As the weeks went by I vented my anger, crying, sobbing, wanting to throw the chair against the wall, wanting to smash someone’s face in but the more honest I was, the more I felt heard and she listened, acknowledging my feelings, almost instinctively knowing how I was feeling. The whole time I wrestled with who was to blame.

I wrote a letter to them: “Dear Bastards”, it began, I gave it to them well and truly and then set fire to it. In the end I managed to accept it was 50:50, it takes two to tango after all and I was happy with that. If it hadn’t been for her, I’m tearing up writing this as she was such a wonderful
counsellor, I don’t know where I’d be today.

After 48 weeks I was maintaining a SVR (Sustained Virological Response). Now came the wait, a six month check, a year check, an eighteen month check and a two year check. I started university, the six month check in the back of my mind. My hair improved, my rash disappeared, I wasn’t grey (or yellow) anymore, i was interested in people, the lead weights disappeared, I made friends too and started living my life again.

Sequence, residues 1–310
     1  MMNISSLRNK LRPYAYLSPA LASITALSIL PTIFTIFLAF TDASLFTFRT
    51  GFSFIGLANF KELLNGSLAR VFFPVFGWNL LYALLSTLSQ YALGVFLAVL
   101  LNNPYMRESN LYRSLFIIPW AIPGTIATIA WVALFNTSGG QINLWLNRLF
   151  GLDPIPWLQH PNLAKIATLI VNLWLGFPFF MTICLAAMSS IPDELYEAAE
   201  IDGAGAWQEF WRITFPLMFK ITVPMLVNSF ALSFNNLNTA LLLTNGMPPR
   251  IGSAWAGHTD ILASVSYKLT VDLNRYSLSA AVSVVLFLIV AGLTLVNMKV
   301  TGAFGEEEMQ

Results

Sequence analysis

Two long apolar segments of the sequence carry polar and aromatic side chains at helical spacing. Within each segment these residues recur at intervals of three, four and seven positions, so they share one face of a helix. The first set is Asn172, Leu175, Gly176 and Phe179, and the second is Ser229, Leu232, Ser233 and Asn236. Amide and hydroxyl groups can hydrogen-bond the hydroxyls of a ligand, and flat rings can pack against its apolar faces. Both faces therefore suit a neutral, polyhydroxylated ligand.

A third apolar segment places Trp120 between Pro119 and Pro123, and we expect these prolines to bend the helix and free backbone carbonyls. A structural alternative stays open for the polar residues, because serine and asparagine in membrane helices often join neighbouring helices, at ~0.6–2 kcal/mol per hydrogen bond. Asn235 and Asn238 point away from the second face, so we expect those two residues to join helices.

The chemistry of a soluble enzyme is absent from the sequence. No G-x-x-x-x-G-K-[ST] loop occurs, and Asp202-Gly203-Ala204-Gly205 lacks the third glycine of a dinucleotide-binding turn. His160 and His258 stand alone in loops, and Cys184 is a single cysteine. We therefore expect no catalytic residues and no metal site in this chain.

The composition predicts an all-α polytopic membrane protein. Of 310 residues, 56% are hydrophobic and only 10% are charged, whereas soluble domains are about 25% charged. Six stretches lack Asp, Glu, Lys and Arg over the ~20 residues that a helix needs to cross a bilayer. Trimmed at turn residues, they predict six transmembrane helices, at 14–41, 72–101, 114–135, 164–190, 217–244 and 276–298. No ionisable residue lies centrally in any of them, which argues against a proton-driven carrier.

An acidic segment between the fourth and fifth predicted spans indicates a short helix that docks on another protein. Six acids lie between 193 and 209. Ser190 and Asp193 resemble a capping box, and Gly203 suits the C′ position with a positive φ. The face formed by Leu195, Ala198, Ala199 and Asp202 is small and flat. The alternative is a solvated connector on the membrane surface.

Then came the results. Thank goodness I was still clear of the virus. It was the same for the next three checks. When it came to the two year check, I was terrified. Had it all been worth it? Thankfully it was and I could just get on with my life and not having to worry about saying, “I need to tell you I’ve got HIV, AND  I’ve got Hepatitis C too” before a mass exodus or stampede.

It seems a lot of guys think HIV is the worst thing you can get, but they don’t realise that’s not necessarily the case. Going through HCV treatment isn’t like popping your HIV medication once a day – it churns your body and your head up. But, in time, you go back to normal and begin living your life again, the help is out there to be had.

If you’re about to face it as I did, look after yourself and seek the help, because without it, I’m not sure I’d have come through it with my brain intact.

Good luck folks.

Andrew Cook (@PositiveAndrew on twitter)